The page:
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We must risk delight. We can do without pleasure,
but not delight. Not enjoyment. We must have
the stubbornness to accept our gladness in the ruthless
furnace of this world. To make injustice the only
measure of our attention is to praise the Devil.
If the locomotive of the Lord runs us down,
we should give thanks that the end had magnitude.
We must admit there will be music despite everything.
We stand at the prow again of a small ship
anchored late at night in the tiny port
looking over to the sleeping island: the waterfront
is three shuttered cafés and one naked light burning.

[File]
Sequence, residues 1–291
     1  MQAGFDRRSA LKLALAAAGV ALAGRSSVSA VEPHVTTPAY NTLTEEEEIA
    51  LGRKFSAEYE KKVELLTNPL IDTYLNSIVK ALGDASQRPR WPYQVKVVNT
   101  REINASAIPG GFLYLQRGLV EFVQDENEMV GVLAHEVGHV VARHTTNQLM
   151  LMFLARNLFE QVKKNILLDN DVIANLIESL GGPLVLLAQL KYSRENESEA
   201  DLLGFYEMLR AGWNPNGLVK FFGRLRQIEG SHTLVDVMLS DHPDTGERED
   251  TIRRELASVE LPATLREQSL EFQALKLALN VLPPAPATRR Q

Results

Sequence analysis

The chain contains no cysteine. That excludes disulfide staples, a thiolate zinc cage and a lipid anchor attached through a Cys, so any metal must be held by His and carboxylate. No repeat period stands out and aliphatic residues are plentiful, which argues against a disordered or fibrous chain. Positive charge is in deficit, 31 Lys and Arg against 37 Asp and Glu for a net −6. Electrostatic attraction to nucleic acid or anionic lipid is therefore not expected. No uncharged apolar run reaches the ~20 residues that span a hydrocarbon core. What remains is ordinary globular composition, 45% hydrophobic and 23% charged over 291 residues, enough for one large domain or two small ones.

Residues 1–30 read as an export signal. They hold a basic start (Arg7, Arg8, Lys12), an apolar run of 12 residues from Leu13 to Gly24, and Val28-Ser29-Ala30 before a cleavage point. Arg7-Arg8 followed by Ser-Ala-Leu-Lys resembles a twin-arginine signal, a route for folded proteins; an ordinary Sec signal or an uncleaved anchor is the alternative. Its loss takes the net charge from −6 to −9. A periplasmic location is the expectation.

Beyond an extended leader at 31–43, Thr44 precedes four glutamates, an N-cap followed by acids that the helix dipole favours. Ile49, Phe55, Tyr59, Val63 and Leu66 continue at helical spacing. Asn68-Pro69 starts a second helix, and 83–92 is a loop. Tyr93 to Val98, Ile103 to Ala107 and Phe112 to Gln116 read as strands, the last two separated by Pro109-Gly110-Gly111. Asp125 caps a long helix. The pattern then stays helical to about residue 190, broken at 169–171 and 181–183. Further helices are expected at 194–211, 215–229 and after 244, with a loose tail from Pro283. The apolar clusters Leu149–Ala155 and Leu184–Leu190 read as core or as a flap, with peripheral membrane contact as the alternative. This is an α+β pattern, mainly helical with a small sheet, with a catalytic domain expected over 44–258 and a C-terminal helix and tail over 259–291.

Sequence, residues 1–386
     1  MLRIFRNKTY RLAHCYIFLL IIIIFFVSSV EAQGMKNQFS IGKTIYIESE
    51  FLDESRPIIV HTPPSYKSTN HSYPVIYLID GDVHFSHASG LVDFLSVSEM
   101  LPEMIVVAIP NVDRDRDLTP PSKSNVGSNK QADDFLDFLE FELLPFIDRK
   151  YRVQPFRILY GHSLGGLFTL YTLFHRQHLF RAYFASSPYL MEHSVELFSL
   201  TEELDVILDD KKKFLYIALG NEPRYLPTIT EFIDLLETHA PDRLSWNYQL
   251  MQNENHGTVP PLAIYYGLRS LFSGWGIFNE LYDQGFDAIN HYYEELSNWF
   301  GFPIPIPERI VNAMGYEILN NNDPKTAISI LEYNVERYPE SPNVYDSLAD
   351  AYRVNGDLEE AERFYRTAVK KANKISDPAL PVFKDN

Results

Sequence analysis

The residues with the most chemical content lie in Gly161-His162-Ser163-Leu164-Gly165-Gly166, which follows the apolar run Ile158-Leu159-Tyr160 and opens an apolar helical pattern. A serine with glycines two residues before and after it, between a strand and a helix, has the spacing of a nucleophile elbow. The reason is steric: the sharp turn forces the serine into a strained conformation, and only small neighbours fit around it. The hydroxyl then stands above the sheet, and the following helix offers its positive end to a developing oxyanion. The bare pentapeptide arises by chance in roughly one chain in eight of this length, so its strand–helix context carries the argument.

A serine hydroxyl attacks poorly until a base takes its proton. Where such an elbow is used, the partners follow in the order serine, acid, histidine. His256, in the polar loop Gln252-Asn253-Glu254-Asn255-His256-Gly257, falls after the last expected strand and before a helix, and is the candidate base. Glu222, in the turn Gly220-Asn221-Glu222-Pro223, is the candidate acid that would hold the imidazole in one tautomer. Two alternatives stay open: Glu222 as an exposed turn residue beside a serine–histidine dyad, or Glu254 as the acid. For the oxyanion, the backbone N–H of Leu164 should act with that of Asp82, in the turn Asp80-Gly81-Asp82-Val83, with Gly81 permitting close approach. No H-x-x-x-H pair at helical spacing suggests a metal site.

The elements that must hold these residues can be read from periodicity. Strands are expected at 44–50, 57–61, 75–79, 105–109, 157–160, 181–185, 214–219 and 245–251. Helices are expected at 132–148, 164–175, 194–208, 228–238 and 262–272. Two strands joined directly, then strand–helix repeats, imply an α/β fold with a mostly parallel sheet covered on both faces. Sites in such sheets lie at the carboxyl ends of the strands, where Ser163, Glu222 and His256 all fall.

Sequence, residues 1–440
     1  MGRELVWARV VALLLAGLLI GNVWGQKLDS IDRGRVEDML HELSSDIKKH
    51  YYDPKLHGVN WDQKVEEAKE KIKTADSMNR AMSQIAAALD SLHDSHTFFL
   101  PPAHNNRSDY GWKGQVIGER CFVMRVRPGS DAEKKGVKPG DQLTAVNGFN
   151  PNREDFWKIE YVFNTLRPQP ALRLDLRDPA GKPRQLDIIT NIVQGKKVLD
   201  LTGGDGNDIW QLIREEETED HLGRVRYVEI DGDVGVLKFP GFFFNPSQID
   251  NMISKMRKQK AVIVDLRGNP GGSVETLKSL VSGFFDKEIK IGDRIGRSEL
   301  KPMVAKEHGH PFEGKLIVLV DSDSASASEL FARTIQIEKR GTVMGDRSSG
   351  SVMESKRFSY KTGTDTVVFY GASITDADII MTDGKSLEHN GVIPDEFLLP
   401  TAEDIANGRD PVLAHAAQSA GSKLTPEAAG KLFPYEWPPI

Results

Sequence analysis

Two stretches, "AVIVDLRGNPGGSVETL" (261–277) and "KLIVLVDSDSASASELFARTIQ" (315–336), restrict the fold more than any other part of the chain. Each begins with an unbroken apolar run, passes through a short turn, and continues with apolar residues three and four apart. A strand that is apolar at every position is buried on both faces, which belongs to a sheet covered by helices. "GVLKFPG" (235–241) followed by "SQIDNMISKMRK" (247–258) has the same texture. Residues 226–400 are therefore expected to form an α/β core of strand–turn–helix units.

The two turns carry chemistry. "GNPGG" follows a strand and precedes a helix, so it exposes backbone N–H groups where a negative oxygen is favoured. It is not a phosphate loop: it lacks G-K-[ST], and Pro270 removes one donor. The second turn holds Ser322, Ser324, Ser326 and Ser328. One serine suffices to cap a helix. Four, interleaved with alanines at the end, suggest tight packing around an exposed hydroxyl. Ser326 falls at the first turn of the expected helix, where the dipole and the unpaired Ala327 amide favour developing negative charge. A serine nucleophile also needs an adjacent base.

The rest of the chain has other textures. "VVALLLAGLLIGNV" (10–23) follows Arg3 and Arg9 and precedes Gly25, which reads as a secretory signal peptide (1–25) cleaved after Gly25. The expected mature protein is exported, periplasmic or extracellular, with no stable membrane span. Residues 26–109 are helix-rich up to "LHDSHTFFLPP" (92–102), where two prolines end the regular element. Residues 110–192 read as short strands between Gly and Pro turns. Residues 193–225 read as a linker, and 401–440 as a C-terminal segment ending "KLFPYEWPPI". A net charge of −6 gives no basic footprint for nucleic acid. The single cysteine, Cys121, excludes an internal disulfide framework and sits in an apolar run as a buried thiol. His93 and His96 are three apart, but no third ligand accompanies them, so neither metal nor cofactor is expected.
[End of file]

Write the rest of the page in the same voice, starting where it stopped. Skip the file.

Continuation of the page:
To hear the faint sound of oars in the silence as a rowboat
comes slowly out and then goes back is truly worth
all the years of sorrow that are to come.

Jack Gilbert, from “A Brief for the Defense

The title of this poem is so interesting. How sometimes we feel we must defend our pleasures, our moments of delight, in the face of so much suffering in the world.

Finding the balance between wanting to save the world (as if I could) and wanting to lay all that aside and just savor it while I can, has been a lasting theme in my life.

More and more I’m tending toward the latter.

My favorite treatise on the subject is the tale of the Zen monk being chased over a cliff by a tiger. He grabs hold of a vine to keep from falling, while a hungry alligator snaps at his heels in the river below. Just then, he spies a juicy red strawberry hanging nearby. He reaches out with one hand to pop it into his mouth.

“Oh, so delicious!” he sighs.

As do I.